Academic journal article The Journal of the American Oriental Society

On the Etymology of the Eastern Japanese Word Tego

Academic journal article The Journal of the American Oriental Society

On the Etymology of the Eastern Japanese Word Tego

Article excerpt

In this paper I detail the weaknesses of the previously proposed etymologies of the Eastern Japanese word tego 'third daughter; maiden', which is exclusive to Eastern Old Japanese (EOJ) and the modern Hachijo language. I then offer a new hypothesis in which the original form of this word was a morphological hybrid consisting of Proto-Ainu *dE 'three' (borrowed into EOJ as te), the EOJ adnominal copula no, and the EOJ word ko 'gir?, which contracted to tego and had the meaning 'girl who is third'. Furthermore, I claim that the primary meaning of tego is 'third daughter' and that it developed the secondary meaning of 'maiden' in EOJ. I argue this hypothesis is stronger than the previously proposed etymologies in phonetics, morphology, and semantics, and more importantly it allows us to account for this word in both EOJ and Hachijo.

1. INTRODUCTION (1)

The purpose of this paper is to re-examine the etymology of the word tego, which is exclusive to Eastern Old Japanese (EOJ) and the modern Hachijo language--both of which are Eastern Japanese languages in the Japonic language family. (2) In EOJ this word is attested eight times, and the predominant view is that it means 'maiden' (Omodaka et al. 1967: 483, Mizushima 1986: 109-10), although there is also the viewpoint that it carries the meaning 'baby' in Man'yoshu poem 3485 (Omodaka et al. 1967: 483, Ono et al. 1990: 907). In contrast, its meaning in present-day Hachijo is 'third daughter' (NINJAL 1950: 372, (3) Asanuma 1999: 150, Yamada 2010: 34). Asanuma (1999: 10) pointed out the similarity between the Hachijo word and the EOJ word, but he did not go beyond that and offer an etymology. Three hypotheses have been presented for its etymology. In this paper I discuss the merits and weaknesses of these etymologies and I offer a new etymology that is based on multiple pieces of linguistic and philological evidence.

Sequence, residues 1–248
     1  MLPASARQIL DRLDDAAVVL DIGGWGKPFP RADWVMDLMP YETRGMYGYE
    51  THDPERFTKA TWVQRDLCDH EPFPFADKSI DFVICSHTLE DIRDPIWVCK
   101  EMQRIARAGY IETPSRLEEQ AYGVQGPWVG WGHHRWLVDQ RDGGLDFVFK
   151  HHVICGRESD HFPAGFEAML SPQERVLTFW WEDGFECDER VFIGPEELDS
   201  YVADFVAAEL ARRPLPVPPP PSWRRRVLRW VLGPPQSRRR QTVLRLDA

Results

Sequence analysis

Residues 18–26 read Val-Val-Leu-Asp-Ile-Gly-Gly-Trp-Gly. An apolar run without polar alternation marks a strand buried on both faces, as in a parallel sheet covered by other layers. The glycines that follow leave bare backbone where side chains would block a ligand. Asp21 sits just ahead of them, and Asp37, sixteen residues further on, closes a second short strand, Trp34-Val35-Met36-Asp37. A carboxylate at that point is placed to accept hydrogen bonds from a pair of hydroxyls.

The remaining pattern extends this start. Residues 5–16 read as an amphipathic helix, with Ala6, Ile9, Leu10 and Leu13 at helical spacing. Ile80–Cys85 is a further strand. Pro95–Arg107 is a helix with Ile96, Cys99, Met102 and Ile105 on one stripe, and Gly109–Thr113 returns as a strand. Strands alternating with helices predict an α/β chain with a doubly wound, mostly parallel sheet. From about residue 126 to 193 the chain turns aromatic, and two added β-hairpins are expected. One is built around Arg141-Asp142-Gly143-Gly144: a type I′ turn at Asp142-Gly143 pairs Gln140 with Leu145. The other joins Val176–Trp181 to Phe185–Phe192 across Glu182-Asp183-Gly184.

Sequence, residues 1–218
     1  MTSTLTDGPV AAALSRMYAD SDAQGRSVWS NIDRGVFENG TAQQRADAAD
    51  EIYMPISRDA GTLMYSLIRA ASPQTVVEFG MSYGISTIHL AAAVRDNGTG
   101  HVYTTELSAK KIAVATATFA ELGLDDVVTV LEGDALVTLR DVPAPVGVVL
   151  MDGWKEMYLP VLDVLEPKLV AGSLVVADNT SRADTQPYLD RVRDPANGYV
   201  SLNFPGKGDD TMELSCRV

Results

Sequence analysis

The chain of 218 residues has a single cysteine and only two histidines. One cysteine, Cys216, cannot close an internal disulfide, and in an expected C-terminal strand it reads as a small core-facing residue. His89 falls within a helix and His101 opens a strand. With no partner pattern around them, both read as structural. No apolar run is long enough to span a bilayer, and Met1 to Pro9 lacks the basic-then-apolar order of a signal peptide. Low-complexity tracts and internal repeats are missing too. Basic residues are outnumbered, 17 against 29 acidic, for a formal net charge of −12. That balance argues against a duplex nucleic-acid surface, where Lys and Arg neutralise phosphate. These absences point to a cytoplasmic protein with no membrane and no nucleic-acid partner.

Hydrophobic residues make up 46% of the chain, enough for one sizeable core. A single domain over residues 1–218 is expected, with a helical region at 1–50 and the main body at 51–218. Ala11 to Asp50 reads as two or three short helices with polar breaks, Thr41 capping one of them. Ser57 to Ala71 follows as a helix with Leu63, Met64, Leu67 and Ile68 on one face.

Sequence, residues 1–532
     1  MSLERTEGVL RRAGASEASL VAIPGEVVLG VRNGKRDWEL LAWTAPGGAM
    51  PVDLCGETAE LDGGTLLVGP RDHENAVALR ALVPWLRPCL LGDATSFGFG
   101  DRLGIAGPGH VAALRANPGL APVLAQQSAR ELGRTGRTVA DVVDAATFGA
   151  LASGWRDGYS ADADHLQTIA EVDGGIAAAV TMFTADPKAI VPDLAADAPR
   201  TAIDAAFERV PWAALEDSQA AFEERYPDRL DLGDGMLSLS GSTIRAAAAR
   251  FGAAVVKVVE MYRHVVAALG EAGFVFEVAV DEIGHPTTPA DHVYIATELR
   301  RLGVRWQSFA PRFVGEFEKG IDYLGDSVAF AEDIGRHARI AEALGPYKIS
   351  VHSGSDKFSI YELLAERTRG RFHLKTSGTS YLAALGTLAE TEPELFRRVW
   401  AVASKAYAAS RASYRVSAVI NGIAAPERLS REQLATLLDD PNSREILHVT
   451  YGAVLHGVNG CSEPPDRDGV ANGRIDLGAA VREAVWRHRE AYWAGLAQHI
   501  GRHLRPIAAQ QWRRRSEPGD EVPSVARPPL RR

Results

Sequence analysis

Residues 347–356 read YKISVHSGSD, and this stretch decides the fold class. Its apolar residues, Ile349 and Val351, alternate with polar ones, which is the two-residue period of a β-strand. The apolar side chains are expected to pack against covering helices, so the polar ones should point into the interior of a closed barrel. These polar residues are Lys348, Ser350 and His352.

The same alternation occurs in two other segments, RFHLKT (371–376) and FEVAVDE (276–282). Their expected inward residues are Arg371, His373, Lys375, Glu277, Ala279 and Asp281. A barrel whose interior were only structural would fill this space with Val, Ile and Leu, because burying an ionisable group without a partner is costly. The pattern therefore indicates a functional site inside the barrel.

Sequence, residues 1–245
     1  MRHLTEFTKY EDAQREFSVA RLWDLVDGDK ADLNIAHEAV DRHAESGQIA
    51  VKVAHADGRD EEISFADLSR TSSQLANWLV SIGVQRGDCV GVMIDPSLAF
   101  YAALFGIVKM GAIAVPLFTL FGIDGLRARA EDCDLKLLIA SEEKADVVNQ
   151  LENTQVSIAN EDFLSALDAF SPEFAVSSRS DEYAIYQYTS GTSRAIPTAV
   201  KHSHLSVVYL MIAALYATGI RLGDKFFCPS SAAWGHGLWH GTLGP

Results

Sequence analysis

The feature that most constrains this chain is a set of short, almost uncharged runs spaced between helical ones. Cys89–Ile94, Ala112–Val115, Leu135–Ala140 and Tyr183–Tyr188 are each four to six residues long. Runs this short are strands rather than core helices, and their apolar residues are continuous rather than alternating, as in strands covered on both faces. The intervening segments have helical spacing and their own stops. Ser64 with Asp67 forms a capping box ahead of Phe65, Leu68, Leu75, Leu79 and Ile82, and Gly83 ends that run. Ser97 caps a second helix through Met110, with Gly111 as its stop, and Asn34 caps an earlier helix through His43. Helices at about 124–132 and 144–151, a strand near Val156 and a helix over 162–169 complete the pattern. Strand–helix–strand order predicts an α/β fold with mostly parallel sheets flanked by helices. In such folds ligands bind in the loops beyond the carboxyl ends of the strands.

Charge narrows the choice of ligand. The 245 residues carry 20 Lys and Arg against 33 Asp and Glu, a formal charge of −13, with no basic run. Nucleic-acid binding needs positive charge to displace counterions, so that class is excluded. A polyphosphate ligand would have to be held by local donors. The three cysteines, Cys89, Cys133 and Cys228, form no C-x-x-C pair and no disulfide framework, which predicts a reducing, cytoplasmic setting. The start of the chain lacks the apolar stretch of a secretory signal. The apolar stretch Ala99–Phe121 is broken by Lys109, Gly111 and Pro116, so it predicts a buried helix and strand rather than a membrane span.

EOJ is attested exclusively in a few hundred poems in books 14 and 20 of the Man'yoshu (MYS) verse anthology, and based upon this linguistic record it is known to have been spoken in almost all of the easternmost provinces of Japan during the eighth century, with the exception of Topotuapumi and Suruga provinces, where a distinct variety of Old Japanese (OJ) was spoken (Kupchik 2013: 5).

At present, Hachijo is a moribund language spoken across the Izu archipelago, which lies to the south of Tokyo. Five of its dialects (Mitsune, Okago, Kashitate, Nakanogo, and Sueyoshi) are spoken on Hachijo-jima, while another dialect is spoken on Aogashima. In the past, two dialects (Utsuki and Toriuchi) were spoken on Hachijo-kojima, but that island has not had occupants since 1969 (Yamada 2010). Hachijo is generally considered to be a daughter language of EOJ due to the linguistic features shared between the two languages. The strongest grammatical evidence for this claim is the retention of the innovative EOJ tentative mood marker -unam- in the Hachijo form -unou- (Kaneda 2001: 179). The EOJ form appears to be the result of regressive nasal assimilation (*r > n) of the Proto-Japanese form *-uram- (cf. Western Old Japanese (WOJ) -uram-). Hachijo also retains the EOJ interrogative form an- (< *ani 'what')--as found in the EOJ words aze 'why; what' (< *ani se 'what do') and ado 'why' (< *ani to 'what say') (cf. WOJ nazo 'why' and nado 'why')--in words such as ani 'what' and adan 'anyhow'. (4)

2. PREVIOUSLY PROPOSED ETYMOLOGIES OF TEGO

In the sections that follow I describe the strengths and weaknesses of the previously proposed etymologies of tego. It should be noted that all of these hypotheses are concerned exclusively with EOJ tego, and the Hachijo meaning 'third daughter' is not discussed by any of the scholars who put forth these hypotheses.

2.1 Matsuoka's Hypothesis

In Nihon Kogo Daijiten [TEXT NOT REPRODUCIBLE IN ASCII], published in 1929, Matsuoka Shizuo [TEXT NOT REPRODUCIBLE IN ASCII] proposed that EOJ tego is a compound consisting of WOJ ti 'spiritual power, vital force' and ko 'girl', and that the syllable te in EOJ is the result of a later, sporadic ablaut. …

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